Six Months After Gay Marriage Legalized in Florida, License Forms Still List Only Bride and Groom
Florida is slow to change marriage license forms to reflect the new reality.
Photo by George Martinez/gmartnx.com
Same-sex marriage has been legal in Florida since early January, but the state's Department of Health is having a hard time catching up to that reality. Florida's marriage license forms still list one partner as the "bride" and the other as the "groom," and same-sex couples are left to manually redefine the definition of marriage themselves by scratching those labels out on the forms.
The Department of Health tells WBBH that it started thinking about the change in April and will get around to changing it eventually.
Though same-sex marriage has been legal in Florida for exactly six months and a day, the state still feels comfortable letting gay couples feel just a little excluded.
Marriage licenses are under the purview of DOH, which is headed by surgeon general Dr. John Armstrong, who was appointed by and reports to Gov. Rick Scott. Those forms are computer generated before being printed out at clerk of courts offices, so one assumes it would be a rather quick fix.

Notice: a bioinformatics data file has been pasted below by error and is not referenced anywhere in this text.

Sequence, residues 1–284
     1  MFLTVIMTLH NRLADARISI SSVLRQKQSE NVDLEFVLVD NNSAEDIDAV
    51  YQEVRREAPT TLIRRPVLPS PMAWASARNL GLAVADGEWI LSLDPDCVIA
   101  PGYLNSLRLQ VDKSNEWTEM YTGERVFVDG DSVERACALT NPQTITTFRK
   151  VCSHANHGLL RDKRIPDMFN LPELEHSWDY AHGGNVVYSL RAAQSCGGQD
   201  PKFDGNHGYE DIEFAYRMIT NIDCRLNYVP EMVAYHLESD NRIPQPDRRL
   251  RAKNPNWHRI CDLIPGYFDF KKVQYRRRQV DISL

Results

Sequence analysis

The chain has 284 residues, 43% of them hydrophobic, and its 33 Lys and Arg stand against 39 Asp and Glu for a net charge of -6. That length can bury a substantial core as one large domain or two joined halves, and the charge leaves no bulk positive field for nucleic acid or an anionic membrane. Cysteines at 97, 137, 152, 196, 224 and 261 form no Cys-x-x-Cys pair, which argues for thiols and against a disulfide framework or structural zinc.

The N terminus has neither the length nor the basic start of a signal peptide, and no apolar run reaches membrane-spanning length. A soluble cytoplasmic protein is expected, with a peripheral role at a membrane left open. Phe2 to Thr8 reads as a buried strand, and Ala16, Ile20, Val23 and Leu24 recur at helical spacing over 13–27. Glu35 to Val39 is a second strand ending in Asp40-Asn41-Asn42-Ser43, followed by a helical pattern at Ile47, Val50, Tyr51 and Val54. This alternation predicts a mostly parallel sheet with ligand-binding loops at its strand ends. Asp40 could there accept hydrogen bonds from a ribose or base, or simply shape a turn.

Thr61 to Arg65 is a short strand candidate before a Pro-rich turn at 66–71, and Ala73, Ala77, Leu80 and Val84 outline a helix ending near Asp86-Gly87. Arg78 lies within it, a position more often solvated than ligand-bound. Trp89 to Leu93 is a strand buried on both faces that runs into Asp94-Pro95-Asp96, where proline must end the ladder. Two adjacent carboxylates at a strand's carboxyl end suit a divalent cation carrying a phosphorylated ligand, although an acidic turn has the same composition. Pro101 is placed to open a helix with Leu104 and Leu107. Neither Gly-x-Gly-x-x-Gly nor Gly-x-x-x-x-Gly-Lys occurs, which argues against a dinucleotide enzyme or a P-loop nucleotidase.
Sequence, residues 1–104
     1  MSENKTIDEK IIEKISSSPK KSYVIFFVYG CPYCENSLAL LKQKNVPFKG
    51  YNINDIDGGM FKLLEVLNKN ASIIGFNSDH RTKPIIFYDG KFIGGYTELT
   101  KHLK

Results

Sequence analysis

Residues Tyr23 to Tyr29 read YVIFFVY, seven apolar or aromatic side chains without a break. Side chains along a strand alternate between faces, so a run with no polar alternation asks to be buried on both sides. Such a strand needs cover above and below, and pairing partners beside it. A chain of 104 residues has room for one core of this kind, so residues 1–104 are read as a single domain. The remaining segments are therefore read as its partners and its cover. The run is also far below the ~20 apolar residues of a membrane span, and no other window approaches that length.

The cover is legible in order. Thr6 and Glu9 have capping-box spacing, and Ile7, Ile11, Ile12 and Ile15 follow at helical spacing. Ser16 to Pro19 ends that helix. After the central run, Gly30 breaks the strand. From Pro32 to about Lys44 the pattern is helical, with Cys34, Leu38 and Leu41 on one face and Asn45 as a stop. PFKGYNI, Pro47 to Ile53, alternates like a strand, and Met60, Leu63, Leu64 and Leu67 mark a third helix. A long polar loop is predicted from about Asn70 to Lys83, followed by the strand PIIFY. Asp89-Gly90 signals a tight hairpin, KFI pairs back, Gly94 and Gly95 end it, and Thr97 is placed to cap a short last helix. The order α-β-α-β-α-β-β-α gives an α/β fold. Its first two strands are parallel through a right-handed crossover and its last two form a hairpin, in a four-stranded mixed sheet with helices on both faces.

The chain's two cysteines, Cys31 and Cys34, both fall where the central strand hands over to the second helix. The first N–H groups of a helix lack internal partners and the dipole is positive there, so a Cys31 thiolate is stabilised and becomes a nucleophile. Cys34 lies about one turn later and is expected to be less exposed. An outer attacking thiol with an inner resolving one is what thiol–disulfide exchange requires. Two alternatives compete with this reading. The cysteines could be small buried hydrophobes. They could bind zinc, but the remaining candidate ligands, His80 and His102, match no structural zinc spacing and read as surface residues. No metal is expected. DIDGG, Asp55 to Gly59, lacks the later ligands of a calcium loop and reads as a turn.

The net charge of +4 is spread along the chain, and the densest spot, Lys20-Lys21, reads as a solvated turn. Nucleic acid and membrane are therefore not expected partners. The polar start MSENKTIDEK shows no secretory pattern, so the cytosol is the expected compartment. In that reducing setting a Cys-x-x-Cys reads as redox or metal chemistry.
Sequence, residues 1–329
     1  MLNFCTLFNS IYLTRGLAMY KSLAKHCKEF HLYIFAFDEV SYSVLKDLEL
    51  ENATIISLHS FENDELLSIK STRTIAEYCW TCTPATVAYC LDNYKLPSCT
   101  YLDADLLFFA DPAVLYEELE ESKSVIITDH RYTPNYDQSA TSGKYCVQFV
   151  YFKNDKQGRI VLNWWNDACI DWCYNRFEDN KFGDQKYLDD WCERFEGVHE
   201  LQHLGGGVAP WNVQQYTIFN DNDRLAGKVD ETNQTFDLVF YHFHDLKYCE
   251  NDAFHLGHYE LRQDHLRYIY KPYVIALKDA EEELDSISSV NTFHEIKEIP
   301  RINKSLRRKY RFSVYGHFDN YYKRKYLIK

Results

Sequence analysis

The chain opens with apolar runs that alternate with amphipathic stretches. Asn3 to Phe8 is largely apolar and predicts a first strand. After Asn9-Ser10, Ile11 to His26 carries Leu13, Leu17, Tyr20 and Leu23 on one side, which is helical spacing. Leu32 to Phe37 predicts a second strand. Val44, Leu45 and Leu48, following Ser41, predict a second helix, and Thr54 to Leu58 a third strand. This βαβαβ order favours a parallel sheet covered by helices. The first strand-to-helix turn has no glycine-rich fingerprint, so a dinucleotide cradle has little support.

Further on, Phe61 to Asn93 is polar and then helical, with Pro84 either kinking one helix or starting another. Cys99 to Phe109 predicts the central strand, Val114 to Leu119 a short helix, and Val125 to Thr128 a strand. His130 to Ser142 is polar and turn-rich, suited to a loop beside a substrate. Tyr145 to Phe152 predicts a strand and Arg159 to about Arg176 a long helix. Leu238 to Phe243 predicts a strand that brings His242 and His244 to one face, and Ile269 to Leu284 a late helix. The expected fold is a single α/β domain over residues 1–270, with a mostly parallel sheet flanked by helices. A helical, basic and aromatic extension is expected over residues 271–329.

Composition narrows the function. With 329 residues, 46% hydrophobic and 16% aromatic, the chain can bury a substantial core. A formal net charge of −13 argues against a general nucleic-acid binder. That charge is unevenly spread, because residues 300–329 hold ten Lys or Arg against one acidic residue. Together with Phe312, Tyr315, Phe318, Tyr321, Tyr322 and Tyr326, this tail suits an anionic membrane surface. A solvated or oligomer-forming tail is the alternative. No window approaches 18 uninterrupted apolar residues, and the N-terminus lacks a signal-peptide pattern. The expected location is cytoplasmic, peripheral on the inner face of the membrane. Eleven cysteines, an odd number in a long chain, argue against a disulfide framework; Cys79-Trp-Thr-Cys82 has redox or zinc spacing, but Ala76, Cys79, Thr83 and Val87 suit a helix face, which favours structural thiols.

The department tells WBBH it's working on it but has no timeline to complete the change. The governor's office has referred all comment back to the Department of Health.
At least some think the delay isn't unintentional.
"This is taking as long as marriage did — simply because Pam Bondi and our governor are still trying to hold us back," gay rights activist Arlene Goldberg told the station.
"It's annoying, considering it's such a simple fix. And maybe in 20 or 30 years, we can just look back at this and kind of laugh," says Dan Selvey, who, when he was married last month, had to be legally listed as the bride.
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